Known as the “hot sauce guy” during his college campus days, Schonberger came up with a straightforward and no-nonsense concept where celebrities would be interviewed while eating chicken wings doused in 10 different types of hot sauces with heat levels that ranged in gradient from mild to straight-up deadly. And no, they were not going to water anything down for anyone! Celebrities basically needed to keep up ’til the very end, or walk away with tails tucked and their photo on the show’s infamous Wall of Shame.
And to prove that us mortals are rarely born without a deep and dark need to torture ourselves, celebrities started pouring in!
What’s in a Sauce?
The bedrock of the ‘Hot Ones’ franchise of course lies in its hellacious line up of hot sauces that are changed up every season; there are 13 seasons in total to date. Show creator Chris Schonberger started collaborating with fellow New Yorker Noah Chaimberg, founder of hot sauce boutique Heatonist, to create sauces purely for the show. Just to select the 10 they will use for each season, the guys put themselves through tasting sessions sampling up to 30 sauces!
That is some next-level, mind-bending taste receptor capacity type phenomenon. In an interview with The Verge, both Schonberger and Chaimberg spoke about how exhaustive the whole process would be when each tasting session would take an hour or two, and it would take many meetings before decided on the final 10; every meeting would see them crying while taking notes.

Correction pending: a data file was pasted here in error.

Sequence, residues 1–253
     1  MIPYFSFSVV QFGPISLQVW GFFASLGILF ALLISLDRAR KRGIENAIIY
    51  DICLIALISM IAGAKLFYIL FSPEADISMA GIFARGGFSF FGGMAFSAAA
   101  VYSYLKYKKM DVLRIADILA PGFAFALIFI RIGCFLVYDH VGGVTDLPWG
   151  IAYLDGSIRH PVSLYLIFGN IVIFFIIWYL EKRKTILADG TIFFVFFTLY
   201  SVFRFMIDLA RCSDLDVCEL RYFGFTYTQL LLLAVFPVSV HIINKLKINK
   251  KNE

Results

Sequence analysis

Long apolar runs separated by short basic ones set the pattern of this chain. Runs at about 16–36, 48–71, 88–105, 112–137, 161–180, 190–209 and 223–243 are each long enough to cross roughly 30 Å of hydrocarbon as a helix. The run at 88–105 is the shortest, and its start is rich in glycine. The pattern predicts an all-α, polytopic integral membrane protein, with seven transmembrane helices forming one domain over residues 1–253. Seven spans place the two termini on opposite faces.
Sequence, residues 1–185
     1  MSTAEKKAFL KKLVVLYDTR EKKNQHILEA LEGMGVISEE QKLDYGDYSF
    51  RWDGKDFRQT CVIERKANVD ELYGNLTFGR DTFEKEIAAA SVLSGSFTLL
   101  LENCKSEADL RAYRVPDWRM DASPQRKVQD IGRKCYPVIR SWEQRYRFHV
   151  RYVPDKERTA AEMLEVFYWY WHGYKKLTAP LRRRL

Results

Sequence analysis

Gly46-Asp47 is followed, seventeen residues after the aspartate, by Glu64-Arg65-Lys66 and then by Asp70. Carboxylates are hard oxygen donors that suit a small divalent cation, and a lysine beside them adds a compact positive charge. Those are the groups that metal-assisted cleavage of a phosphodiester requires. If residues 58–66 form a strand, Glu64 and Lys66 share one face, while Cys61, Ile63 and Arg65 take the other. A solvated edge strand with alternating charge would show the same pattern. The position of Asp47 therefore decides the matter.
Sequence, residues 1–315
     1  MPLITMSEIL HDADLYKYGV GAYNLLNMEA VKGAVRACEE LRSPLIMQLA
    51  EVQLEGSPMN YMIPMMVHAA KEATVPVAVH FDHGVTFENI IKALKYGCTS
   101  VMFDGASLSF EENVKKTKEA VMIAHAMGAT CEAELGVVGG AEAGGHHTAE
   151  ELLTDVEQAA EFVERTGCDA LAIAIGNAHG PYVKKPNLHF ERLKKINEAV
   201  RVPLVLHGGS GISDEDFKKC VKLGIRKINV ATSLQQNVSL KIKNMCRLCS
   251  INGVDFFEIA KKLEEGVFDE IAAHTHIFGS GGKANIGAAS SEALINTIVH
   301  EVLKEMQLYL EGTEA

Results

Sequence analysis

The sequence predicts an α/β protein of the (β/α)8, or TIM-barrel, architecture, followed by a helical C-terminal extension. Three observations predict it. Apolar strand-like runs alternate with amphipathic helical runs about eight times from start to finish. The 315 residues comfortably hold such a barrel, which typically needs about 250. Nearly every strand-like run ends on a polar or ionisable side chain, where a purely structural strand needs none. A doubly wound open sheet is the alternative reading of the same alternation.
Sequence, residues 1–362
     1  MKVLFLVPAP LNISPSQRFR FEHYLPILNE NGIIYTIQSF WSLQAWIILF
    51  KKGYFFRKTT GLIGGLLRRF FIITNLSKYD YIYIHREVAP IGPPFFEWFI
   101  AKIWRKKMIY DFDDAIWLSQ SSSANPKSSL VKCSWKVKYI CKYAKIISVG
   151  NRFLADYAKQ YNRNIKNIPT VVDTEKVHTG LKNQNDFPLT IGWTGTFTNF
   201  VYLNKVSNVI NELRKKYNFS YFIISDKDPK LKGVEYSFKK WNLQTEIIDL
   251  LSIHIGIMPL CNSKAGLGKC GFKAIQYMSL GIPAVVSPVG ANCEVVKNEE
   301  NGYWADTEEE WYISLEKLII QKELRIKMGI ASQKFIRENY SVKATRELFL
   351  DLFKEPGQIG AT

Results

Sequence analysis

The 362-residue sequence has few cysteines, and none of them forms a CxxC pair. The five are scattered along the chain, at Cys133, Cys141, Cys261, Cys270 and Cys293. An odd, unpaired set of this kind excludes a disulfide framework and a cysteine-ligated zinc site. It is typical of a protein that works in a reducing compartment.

In a brilliant move to have the success of the show not depend on ad revenue, sponsored posts, or volatile budgets, ‘Hot Ones’ has instead been making bank with their range of explosive sauces. Just two years ago, total sales of sauces amounted up to US$7 million! Their more famous of brain-melting sauces – The Last Dab – made with then world’s hottest pepper the Carolina Reaper, became the fastest-selling hot sauce in history moving more than 10,000 bottles on its very first day on sale. It also has a Scoville unit rating of 2,000,000 +.
Let it be known, that even though we can knock back cili padi quite casually with our food, bird’s eye chilli Scoville unit score is a minuscule 100,000 compared to the Reaper.